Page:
If a donor discovers they are at increased risk of an inherited condition, they should contact the fertility clinic they donated at. Very often such new findings will have no implications for donor-conceived children, but the fertility clinic can help interpret the new information.

The clinic will assess the risk to any donor-conceived children and only contact the parents if they feel it necessary and refer them to a relevant professional for appropriate advice.

Should I let the donor know if my child develops a significant genetic condition?

If your child develops a genetic condition, you should inform the clinic where you received treatment.

The donor will have informed the clinic if they want to be contacted with information of this nature in case it means that they have a previously unsuspected genetic disease, or that they are a carrier of a harmful inherited condition.

What should I say if a health professional asks about my child’s family medical history?

You may want to say that your child is donor-conceived and that there was nothing in the donor’s medical history which was deemed by the fertility clinic to be significant.

In the unlikely event that a doctor asks you for further information, you should contact the clinic where you received treatment.

I had fertility treatment abroad/ in a private arrangement – what do I need to know?

If you travelled abroad for treatment, you cannot assume that the screening and assessment regime was exactly the same as in the UK, although broadly similar professional guidance is likely to have been in place.

You should contact the clinic where you had treatment for further information. If you had treatment through a private arrangement (ie, the donor provided his sperm directly to you) without the involvement of a UK clinic, you cannot be assured that the same, or indeed any, medical screening will have taken place. If you know the donor, you may wish to ask for information about his family medical history.

What genetic tests does a donor undergo?

All donors should undergo appropriate genetic testing including testing for chromosomal abnormalities. If the donor comes from areas where the following conditions are prevalent, genetic testing for the following may be considered:

  • α0- and ß-Thalassaemia (eg’ Mediterranean, Middle East, Indian subcontinent)
  • sickle-cell disease (eg, African and Afro-Caribbean)
  • Tay-Sachs disease (eg, Jews of Eastern European descent)
  • cystic fibrosis disease (eg, European).

Your clinic should be able to provide you with information about the genetic testing that the donor had when he or she donated.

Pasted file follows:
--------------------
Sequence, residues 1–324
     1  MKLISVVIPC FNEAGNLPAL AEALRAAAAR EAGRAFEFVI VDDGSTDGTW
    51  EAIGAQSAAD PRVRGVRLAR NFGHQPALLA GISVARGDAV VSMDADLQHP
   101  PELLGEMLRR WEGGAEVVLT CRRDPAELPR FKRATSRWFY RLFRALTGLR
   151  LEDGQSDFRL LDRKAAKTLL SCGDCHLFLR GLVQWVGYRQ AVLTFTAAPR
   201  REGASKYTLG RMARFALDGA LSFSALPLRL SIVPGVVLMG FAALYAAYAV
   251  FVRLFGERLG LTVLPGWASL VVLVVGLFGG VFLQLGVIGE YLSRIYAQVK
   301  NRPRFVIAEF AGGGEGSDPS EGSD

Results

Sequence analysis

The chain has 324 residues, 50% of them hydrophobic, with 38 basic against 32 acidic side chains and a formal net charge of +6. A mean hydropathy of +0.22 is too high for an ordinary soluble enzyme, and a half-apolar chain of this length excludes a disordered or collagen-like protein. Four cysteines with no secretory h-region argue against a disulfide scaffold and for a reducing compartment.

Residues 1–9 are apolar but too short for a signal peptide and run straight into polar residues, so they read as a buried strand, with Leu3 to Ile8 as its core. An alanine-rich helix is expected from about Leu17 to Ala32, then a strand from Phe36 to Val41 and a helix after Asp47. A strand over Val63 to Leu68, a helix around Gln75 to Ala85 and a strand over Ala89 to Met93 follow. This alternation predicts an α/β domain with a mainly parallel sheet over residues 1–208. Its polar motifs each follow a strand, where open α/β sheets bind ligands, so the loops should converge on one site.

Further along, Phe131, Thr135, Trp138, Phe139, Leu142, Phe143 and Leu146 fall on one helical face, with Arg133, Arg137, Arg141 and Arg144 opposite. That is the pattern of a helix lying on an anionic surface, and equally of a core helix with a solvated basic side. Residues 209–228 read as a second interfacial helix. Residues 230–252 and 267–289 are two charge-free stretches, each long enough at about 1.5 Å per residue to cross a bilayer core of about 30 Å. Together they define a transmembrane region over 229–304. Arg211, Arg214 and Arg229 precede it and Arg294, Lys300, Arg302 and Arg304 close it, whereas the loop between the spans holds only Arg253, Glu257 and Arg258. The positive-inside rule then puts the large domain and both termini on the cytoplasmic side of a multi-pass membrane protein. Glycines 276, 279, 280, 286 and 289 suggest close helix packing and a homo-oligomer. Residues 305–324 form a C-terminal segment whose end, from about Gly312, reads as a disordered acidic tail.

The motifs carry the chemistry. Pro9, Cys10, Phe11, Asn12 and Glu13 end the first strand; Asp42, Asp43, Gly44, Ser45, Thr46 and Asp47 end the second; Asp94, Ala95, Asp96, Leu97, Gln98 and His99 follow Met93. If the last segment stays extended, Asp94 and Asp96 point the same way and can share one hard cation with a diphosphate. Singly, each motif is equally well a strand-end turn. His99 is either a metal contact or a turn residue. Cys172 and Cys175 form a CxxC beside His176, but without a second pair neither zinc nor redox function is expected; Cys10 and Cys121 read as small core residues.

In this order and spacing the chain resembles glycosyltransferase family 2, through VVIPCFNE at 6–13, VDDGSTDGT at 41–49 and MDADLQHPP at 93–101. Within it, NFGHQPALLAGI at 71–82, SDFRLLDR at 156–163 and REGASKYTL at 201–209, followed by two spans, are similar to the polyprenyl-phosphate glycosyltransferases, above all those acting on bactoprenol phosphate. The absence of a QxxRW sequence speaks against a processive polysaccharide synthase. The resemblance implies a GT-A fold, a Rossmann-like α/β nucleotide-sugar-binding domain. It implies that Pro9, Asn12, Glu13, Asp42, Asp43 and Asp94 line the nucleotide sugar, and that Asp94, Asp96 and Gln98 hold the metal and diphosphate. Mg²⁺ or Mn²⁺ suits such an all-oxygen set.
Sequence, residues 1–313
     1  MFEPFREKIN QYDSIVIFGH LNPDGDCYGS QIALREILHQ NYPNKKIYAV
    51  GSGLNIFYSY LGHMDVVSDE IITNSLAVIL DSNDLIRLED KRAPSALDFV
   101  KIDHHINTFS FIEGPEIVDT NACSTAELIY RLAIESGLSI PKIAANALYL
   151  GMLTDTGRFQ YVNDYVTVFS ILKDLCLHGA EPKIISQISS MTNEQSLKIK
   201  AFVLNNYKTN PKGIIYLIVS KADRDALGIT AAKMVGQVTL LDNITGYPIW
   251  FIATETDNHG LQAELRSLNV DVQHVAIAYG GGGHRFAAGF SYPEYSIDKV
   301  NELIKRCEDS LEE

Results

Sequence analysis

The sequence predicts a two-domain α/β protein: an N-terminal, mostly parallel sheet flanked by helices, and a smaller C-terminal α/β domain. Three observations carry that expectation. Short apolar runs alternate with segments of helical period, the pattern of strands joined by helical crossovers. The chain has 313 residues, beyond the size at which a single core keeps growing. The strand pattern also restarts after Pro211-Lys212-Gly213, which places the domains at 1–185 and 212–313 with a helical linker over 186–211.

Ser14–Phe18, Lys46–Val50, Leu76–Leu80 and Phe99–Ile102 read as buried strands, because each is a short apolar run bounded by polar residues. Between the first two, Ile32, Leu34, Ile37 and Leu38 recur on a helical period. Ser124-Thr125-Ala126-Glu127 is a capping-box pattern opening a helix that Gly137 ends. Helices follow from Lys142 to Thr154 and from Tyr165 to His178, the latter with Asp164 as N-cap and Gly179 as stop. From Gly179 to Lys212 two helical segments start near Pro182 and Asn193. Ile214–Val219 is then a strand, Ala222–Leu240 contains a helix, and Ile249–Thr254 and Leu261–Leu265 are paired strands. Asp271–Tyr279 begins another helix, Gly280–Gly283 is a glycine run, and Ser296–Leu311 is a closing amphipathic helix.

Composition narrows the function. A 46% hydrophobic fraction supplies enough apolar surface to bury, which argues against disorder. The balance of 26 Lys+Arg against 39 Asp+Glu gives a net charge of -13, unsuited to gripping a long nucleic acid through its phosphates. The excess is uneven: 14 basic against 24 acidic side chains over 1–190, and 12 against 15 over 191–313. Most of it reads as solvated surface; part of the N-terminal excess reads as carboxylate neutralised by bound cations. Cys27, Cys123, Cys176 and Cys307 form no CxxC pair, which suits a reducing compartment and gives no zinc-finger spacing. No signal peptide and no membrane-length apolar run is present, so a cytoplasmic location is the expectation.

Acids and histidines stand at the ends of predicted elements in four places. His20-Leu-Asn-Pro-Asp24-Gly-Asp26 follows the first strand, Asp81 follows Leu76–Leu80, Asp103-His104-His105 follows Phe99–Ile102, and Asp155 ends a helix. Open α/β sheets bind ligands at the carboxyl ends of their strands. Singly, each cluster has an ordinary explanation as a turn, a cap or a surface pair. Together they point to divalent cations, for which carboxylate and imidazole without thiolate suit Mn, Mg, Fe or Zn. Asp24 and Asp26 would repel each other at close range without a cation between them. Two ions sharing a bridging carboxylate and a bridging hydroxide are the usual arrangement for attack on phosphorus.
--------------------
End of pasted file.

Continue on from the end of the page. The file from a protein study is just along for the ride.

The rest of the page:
How do I find out about my donor’s personal and family medical history?

Fertility clinics are required to list any physical illness or disability, history of mental illness or learning difficulties and any known medical conditions within the donor’s biological family in the form they submit to us.

You can access the information recorded on this donor information form by contacting the fertility clinic where you had treatment, or by contacting the HFEA by email at

How do I find out if the donor has updated his/her medical information at any stage?

If you want to find out whether your donor has updated his/her medical information, you can contact us by email at or contact the clinic where you received treatment.

What should I tell my child?

It is important for parents to talk to their child about how their donor’s health and medical history will have been assessed. If you received treatment at a UK clinic, you can reassure your child that he/she will have been assessed and screened to minimise the risk of passing on any serious genetic condition.

What donor screening or assessment will have taken place if my clinic imported sperm, eggs or embryos from an overseas clinic or bank?

A UK clinic can only import sperm, eggs or embryos from an overseas clinic or bank if they meet the UK requirements on screening in accordance with our Code of Practice.

For further information you can contact us by email at, the clinic where you received treatment, or the overseas clinic or bank.

Find out more

If you have any concerns about the health of your child, you should speak to your doctor in the first instance.

For general information about the current donor screening requirements see:

HFEA Code of Practice

Professional guidelines

You may also want to contact the Donor Conception Network, a self-help network for families created with the help of donated eggs, sperm or embryos.

Publication date: 15 August 2019

Review date: 15 August 2021